Knowledge is power: Happy International Environmental Education Day!
Celebrated since 1975, International Environmental Education Day (26th January) is a day where we acknowledge the importance of education in raising awareness about the climate crisis and how we can all do better and contribute to protecting our environment.
“Indigenous Peoples and local communities have been contributing to biodiversity and climate action even when these terminologies did not exist.”
– Archana Soreng
One of the most important sources of environmental knowledge comes from Indigenous Peoples and local communities. Modern ‘fortress conservation’ efforts have largely failed to protect biodiversity, and have instead excluded local people, labelling them as unworthy to manage the land they have occupied for decades or centuries. But, as Archana Soreng, an Indigenous woman from the Indian Kharia tribe, said “Indigenous Peoples and local communities have been contributing to biodiversity and climate action even when these terminologies did not exist.” Conservation practices need Indigenous knowledge and the inclusion of Indigenous Peoples in every step of the process if we are to have a hope in combating the climate crisis.
Thankfully, Indigenous knowledge is starting to get the recognition it deserves. In Northern Colombia, the Indigenous Kogi of the Sierra Nevada of Santa Marta are part of the very first UNESCO BRIDGES project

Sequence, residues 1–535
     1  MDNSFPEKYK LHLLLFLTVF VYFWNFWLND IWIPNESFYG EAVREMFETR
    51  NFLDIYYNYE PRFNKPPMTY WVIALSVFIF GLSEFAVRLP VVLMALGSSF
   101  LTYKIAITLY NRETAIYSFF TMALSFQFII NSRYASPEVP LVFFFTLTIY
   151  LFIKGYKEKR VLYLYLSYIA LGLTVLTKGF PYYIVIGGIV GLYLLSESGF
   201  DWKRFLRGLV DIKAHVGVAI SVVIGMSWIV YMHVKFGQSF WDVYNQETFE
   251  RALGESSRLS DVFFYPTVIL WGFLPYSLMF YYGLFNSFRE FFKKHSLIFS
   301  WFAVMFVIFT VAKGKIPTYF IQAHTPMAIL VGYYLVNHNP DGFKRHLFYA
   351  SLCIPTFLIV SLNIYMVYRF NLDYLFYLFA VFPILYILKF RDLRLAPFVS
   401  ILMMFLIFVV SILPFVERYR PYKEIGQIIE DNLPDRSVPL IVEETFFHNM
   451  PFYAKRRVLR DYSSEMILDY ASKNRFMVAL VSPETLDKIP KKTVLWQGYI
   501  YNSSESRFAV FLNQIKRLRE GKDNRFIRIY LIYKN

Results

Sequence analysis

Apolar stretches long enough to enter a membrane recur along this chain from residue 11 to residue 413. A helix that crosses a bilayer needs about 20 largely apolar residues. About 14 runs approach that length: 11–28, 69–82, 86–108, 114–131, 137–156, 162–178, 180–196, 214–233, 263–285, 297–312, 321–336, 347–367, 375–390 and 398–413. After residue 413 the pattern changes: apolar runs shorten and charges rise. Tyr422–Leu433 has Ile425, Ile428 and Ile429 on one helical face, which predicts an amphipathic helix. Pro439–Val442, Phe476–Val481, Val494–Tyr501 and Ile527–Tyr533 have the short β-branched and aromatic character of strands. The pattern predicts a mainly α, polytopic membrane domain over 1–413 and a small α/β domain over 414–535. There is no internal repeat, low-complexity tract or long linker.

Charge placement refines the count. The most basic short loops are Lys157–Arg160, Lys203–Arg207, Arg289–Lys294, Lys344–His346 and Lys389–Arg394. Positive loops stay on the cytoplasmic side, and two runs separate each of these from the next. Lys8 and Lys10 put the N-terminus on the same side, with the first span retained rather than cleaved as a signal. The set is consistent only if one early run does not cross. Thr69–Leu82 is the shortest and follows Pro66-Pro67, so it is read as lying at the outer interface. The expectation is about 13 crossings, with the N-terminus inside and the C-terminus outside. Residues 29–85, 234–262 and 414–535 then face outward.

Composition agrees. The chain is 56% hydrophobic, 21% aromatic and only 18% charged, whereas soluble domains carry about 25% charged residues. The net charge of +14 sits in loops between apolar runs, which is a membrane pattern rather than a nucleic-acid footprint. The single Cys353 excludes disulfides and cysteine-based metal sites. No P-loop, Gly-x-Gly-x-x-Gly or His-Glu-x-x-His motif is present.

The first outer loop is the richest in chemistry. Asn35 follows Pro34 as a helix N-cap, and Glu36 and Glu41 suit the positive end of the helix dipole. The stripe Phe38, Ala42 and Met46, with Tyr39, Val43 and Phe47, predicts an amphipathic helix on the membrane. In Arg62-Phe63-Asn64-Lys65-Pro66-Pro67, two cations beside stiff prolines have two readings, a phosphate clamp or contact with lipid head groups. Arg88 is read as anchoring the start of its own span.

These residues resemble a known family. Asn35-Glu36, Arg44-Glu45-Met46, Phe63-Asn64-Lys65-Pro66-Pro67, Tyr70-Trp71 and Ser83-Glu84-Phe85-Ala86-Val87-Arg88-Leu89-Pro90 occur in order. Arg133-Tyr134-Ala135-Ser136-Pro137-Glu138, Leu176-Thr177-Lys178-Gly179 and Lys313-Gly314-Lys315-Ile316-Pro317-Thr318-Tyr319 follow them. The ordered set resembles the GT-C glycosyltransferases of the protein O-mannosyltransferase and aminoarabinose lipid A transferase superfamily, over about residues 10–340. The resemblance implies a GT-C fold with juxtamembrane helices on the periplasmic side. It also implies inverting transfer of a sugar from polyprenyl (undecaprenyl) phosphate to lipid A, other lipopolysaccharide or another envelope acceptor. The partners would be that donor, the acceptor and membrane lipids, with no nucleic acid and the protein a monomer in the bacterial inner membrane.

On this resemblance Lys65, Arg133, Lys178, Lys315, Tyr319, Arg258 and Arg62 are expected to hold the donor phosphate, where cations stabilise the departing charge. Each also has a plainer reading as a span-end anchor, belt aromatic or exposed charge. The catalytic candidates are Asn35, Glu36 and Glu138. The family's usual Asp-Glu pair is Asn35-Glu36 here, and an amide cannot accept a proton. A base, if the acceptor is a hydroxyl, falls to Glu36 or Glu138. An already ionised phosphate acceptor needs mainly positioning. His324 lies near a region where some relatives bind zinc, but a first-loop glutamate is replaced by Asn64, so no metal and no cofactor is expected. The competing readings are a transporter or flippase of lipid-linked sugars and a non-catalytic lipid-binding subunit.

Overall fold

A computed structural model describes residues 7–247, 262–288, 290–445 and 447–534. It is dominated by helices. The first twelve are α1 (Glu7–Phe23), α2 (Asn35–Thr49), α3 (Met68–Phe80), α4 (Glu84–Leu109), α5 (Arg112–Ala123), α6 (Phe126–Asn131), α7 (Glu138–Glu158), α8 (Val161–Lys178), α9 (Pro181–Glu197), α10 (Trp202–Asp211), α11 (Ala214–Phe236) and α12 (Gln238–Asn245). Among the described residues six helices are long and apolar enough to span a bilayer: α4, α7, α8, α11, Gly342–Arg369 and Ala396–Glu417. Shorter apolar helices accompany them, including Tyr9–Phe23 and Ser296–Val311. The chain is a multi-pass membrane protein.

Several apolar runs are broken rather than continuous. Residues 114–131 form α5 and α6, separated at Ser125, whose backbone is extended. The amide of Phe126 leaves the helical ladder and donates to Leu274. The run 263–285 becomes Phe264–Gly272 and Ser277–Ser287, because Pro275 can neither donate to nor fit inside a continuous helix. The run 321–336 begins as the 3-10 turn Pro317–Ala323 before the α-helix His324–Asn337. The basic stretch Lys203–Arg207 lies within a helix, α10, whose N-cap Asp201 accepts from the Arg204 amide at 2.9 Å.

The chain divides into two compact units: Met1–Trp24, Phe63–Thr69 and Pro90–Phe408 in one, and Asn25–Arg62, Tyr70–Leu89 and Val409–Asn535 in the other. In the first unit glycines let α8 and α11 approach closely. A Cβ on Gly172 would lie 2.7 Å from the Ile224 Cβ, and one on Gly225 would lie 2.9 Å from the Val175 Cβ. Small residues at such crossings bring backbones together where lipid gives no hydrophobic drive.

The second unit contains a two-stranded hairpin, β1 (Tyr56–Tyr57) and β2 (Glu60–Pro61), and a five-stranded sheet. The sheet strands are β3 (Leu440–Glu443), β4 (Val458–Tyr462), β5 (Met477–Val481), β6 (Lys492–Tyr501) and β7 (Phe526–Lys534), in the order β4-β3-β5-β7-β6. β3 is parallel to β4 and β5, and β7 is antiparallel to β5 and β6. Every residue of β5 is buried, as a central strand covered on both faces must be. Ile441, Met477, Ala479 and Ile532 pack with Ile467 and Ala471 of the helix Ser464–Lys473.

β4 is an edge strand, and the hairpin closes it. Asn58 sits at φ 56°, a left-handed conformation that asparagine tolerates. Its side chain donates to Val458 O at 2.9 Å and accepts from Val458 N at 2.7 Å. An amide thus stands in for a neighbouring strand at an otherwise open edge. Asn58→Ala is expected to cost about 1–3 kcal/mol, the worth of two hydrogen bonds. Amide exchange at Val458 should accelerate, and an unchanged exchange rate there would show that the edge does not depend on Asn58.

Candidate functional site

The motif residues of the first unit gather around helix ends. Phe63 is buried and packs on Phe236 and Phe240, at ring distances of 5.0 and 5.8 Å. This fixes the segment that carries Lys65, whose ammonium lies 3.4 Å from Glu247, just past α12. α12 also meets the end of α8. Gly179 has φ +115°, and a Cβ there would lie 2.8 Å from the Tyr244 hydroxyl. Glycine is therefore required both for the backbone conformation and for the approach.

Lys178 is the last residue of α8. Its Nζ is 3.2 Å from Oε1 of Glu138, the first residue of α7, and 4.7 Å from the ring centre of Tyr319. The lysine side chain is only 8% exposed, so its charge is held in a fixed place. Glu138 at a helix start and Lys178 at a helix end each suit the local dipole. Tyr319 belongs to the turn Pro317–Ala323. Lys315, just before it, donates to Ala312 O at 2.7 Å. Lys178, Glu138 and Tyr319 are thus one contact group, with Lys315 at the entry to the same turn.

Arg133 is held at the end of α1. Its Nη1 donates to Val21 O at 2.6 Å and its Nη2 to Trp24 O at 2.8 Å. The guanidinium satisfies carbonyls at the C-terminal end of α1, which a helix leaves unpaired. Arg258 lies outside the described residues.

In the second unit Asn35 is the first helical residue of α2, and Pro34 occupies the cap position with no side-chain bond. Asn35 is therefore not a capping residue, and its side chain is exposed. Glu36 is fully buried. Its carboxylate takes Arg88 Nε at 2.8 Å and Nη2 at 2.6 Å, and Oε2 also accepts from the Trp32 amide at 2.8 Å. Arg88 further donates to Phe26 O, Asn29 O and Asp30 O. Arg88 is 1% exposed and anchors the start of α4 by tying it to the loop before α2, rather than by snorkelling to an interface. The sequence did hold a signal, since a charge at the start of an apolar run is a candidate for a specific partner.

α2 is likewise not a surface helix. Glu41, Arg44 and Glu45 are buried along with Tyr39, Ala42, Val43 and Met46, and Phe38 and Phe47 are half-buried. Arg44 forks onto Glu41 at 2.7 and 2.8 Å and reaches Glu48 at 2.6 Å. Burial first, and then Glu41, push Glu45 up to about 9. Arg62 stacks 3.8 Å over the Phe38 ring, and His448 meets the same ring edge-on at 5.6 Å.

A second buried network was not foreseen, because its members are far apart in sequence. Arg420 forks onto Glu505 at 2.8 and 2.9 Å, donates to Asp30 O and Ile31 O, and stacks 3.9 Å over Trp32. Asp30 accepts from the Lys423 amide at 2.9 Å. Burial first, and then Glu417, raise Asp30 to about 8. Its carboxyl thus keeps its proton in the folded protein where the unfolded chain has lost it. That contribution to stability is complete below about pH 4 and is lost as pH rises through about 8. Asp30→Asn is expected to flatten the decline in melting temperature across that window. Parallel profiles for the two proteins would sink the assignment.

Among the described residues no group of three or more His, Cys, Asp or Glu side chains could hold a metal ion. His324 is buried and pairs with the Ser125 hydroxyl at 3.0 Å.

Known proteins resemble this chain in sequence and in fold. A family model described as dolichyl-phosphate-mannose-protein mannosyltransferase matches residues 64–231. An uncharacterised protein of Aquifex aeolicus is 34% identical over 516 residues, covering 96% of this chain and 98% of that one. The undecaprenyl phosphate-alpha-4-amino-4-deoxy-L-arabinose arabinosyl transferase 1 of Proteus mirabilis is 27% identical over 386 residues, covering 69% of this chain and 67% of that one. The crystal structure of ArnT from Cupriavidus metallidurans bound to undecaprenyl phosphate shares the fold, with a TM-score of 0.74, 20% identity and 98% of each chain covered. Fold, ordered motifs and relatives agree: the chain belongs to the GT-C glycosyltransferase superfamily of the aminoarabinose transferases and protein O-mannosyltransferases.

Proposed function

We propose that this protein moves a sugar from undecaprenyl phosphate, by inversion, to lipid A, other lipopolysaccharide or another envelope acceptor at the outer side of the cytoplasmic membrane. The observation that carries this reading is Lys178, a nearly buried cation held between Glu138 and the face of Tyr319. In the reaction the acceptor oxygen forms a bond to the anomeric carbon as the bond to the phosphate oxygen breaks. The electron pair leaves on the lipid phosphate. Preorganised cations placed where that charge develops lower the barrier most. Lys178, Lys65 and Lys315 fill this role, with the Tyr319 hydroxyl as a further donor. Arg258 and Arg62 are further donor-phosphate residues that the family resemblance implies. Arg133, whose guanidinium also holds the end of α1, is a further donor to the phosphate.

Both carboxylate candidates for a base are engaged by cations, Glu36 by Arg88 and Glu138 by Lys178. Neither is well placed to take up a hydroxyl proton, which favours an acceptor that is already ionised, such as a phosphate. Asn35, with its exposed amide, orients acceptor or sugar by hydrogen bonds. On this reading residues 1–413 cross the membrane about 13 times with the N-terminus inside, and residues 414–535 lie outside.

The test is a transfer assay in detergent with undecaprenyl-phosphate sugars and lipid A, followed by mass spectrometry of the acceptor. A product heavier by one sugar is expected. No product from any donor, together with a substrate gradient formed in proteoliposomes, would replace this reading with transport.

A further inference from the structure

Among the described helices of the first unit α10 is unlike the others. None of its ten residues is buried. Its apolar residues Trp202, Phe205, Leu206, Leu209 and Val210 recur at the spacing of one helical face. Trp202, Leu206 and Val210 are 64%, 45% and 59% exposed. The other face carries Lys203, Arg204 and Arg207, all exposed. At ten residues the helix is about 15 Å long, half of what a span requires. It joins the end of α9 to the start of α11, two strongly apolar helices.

Indigenous Kogi worldview aims to change face of conservation for good (Mongabay, 2023) . A project which focuses on finding solutions coming from rainforest villages, rather than experts from the outside bringing their idea of solutions, which has long been problematic.
Sharing knowledge across forest
Cool Earth’s partners know the importance of sharing knowledge in protecting the environment and defending their land rights. In the Democratic Republic of Congo (DRC), our partners Go Conscious Earth and Cadasta carried out a knowledge exchange, sharing their data collection tools for participatory community-based land management. They are currently collecting socioeconomic data for land rights using a household survey developed by local DRC experts. In our Papua New Guinea (PNG) partnerships, people wanted careers in conservation and guiding, so Clifford Yaee, Forest and Research Coordinator in PNG, conducted a biodiversity course. So far 15 people have graduated.
The real climate experts
Today is about recognising that Indigenous and local knowledge is environmental education for all of us. We know that even though some of you reading this may be thousands of miles away from the rainforest, you’re committed to fighting the climate crisis. This starts with backing the people who know how to best protect rainforest.
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